If the cabinetry is in need of repair, consider a remodel, perhaps only of the cabinetry itself. If the woodwork is in great shape, you’re off to the proverbial races. It’s time to plan the painting project!
Have you ever been in a kitchen where it’s clear the cabinetry has countless layers of paint on it? I remember, in my grandmother’s house, it seemed the cabinet doors had seven layers of paint on them! So much so, in fact, the doors were thicker, and as a result ‘larger feeling’. It just seemed at the time, grandma’s kitchen was where the cabinet doors always fell odd. In modern homes, however, science has entered the picture. Electric ‘elevator’ fans behind stove tops, glass stove covers, and all manner of oven, fridge and dishwasher equipment are now the exciting new items in a modern kitchen. That means the cabinetry must reach new levels of sophistication. To that end, specific paint types are needed to do the job right. You want it to look like it wasn’t actually painted, but was simply the color of the material used.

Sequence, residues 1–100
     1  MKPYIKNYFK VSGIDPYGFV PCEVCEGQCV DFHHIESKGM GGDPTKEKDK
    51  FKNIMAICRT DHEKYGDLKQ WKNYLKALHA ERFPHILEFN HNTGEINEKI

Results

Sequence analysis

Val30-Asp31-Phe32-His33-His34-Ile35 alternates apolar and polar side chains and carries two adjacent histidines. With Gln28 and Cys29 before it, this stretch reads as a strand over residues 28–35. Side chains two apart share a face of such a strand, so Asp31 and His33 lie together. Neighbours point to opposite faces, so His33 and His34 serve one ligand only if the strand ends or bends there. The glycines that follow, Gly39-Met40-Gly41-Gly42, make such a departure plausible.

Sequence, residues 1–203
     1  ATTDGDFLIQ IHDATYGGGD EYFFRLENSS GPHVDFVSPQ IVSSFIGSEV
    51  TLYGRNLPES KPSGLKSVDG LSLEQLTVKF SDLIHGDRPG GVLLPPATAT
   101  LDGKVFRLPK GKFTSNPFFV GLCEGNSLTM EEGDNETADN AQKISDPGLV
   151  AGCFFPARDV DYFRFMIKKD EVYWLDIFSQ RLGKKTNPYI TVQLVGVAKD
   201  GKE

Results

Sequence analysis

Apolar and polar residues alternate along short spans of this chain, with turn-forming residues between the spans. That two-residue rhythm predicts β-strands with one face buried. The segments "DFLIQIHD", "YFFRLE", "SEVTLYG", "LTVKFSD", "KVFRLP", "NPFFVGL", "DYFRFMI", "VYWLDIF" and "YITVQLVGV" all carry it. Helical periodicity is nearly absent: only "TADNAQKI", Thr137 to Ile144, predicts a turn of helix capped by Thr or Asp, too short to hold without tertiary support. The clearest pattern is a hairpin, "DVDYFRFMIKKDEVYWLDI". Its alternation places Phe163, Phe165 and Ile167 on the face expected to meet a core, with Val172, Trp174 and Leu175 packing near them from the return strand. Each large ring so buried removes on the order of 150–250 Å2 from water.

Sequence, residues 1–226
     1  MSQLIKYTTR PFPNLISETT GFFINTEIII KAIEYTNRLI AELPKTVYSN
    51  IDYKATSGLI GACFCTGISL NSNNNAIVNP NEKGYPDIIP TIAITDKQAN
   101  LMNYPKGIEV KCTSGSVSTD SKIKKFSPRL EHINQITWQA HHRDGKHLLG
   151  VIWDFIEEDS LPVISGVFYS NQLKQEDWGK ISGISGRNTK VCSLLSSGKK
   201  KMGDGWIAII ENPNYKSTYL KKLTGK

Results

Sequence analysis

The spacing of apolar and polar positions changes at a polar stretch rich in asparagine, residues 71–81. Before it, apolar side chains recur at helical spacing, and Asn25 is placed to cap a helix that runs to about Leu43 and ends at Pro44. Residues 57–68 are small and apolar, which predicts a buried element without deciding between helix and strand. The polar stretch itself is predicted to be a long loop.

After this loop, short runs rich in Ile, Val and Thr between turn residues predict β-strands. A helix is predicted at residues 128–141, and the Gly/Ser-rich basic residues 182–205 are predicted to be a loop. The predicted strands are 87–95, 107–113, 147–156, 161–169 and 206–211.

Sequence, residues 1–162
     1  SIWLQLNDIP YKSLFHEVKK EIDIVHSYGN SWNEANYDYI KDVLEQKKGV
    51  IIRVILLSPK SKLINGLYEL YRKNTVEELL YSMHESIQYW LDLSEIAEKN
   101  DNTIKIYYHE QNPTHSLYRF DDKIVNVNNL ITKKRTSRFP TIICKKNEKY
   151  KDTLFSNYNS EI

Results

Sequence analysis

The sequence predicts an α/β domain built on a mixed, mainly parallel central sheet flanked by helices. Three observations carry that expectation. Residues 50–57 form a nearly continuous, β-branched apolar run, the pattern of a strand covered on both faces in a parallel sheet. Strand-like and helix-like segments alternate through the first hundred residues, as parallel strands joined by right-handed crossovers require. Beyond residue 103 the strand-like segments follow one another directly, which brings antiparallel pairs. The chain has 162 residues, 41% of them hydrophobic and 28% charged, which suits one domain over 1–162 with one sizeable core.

In a hundred year-old home, it might be a simple question of painting one more layer over the last one, but in a modern home, be sure to talk to your painting contractor of paint supplier – if you’re doing the work yourself – about the best types of paint to use on the project.